2. Materials and Methods

2.1. Encapsulating Agents

The encapsulating agents used were 2% (w/v) sodium alginate (SA) (Protanal, Norway) and chitosan (CH) 0.5 % (w/v) in acetic acid (Sigma-Aldrich, USA). Hydrocolloids were characterized in the laboratory. Sodium alginate had a viscometry molecular weight of 225.8 kD, density was 0.999 ± 0.003 g/ml and intrinsic viscosity 6.15 g/dl. Chitosan molecular weight was 49.4 kD, density 0.996 ± 0.007 g/ml and intrinsic viscosity 41.98 g/dl.

2.2. Yerba Mate Extract

Freeze-dried yerba mate extract (Y) was obtained in the lab as detailed in a former work [11]. Briefly, 1 g of commercial yerba mate (Las Marías, Corrientes, Argentina) was mixed with 100 ml distilled water in a glass vessel, heated in a thermostatic bath (Haake, Germany) at 100˚C for 40 min. Then the extract was filtered, frozen at –80˚C for 24 h and lyophilized (Heto FD4, Denmark). Lyophilized extracts were put in tightly closed flasks and stored in a dissecator until further use.

2.3. Capsules Formation

Beads were obtained by mixing the active component (1% w/v) with the sodium alginate solution. Once homogenized, the alginate solution was pumped with a peristaltic pump (Apema, Argentina) and dropped through a syringe (0.80 × 25 mm) to a calcium chloride solution (0.05 M). The beads formed in this process were maintained in the gelling bath to harden for 15 min. Then, they were filtered through a Whatman #1 paper and washed with buffer solution (acetic/acetate, pH 5.5). The beads were allowed to stabilize in air for 15 min. Finally, a portion of the beads was immersed in a chitosan solution for 30 min. The capsules were dried in an oven at 65˚C for 3 h. As a summary, four types of capsules were prepared: Control capsules of Calcium Alginate (A), Control capsules of Alginate-Chitosan (ACH), Calcium Alginate capsules with yerba mate extract (AY) and AlginateChitosan capsules with yerba mate extract (ACHY).

2.4. Capsule Characterization

2.4.1. SEM Observation

SEM analysis was performed using a Jeol JSM-6360 (Japan) microscope. Capsules were attached to stubs using a twosided adhesive tape, then coated with a layer of gold (40 nm - 50 nm) and examined using an acceleration voltage of 10 kV.

2.4.2. Fourier Transform Infrared Spectrometry (FT-IR)

The employed equipment was a Nicolet 380 FT-IR (USA). Disks were obtained by milling 5 mg of sample with 100 mg of KBr and were analyzed by transmission taking 64 scans per experiment with a resolution of 4 cm-1. Analysis was performed on the following samples: pure materials, capsules with and without yerba mate extract and samples of yerba mate-chitosan complex (YCH). YCH was prepared mixing a known amount of yerba mate extract dissolved in water with a chitosan solution (0.5% w/v) in equal parts. The mixture was agitated for three hours and centrifuged 30 min at 1300 rpm (Beckman Coulter, Avanti J-25, USA). The obtained pellet was dried and analyzed.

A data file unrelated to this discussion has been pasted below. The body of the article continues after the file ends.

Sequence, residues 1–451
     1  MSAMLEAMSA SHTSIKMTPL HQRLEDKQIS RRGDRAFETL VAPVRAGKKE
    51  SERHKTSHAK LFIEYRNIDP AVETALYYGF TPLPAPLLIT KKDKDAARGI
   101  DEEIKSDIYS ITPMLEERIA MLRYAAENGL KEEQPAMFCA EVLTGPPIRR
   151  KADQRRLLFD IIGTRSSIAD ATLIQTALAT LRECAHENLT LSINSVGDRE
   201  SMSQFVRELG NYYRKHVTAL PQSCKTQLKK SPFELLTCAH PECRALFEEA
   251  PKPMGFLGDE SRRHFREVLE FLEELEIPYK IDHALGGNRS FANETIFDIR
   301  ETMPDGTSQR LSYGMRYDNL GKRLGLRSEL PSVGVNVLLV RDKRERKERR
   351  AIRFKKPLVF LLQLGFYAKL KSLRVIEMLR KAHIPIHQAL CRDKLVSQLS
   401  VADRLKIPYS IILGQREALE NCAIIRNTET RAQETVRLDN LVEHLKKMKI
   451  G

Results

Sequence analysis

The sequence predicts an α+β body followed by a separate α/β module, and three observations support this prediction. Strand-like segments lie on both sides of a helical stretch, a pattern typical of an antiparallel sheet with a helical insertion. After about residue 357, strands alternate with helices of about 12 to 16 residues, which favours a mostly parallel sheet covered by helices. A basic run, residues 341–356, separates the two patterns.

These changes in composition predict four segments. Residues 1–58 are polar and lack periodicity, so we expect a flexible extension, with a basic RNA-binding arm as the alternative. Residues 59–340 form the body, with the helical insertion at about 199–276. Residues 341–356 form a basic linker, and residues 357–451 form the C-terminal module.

2.5. Thermal Analysis

Thermal analysis was performed by thermo gravimetric assays (TGA) and Differential Scanning Calorimetry (DSC). The equipment used for the DSC assays was a DSC Q100 (TA Instruments, USA). Equipment calibration was performed with the Indium standard. Samples of 3 mg - 5 mg were placed in aluminum capsules hermetically sealed and an empty capsule was used as the reference. For standard thermograms samples were heated from 25˚C to 300˚C with at a heating rate of 10˚C/min. To determine the glass transition temperatures, the following protocol was performed: the temperature was stabilized at –80˚C for 3 min, then samples were heated at 10˚C/min from –80˚C to 80˚C after which an annealing of 30 min was applied and finally samples were heated at 5˚C/min from 80˚C to 120˚C. In samples containing chitosan, the last heating ramp was performed at 5˚C/min from 80˚C until 180˚C after which a second annealing of 30 min was performed. At last, a heating ramp at 5˚C/min from 180˚C to 300˚C was applied.

In TGA studies (DTG 60, Shimadzu, Japan), samples were placed in closed aluminum capsules under a nitrogen flow of 50 ml/min. The range of temperatures scanned was from 20˚C to 600˚C with a heating rate of 10˚C/min.

Extract Release in Simulated Gastrointestinal Fluids

The content of extract released from beads was determined by sinking a known amount of capsules in the release media while agitating in an Orbit-Environ Shaker (LabLine Instruments, USA) at 125 rpm. The release media used were in vitro model digestion fluids: Simulated Gastrointestinal Fluid, SGF, (3 h at 37˚C) followed by immersion in Simulated Intestinal Fluid, SIF, (3 h at 37˚C). SGF was prepared from a solution of hydrochloric acid 0.1 M (Anedra, Argentina) corrected with sodium hydroxide to pH = 2, and SIF from Sorensen’s phosphate buffer (pH 7.5).

The amount of extract released, determined as polyphenol content, was calculated with the following equation: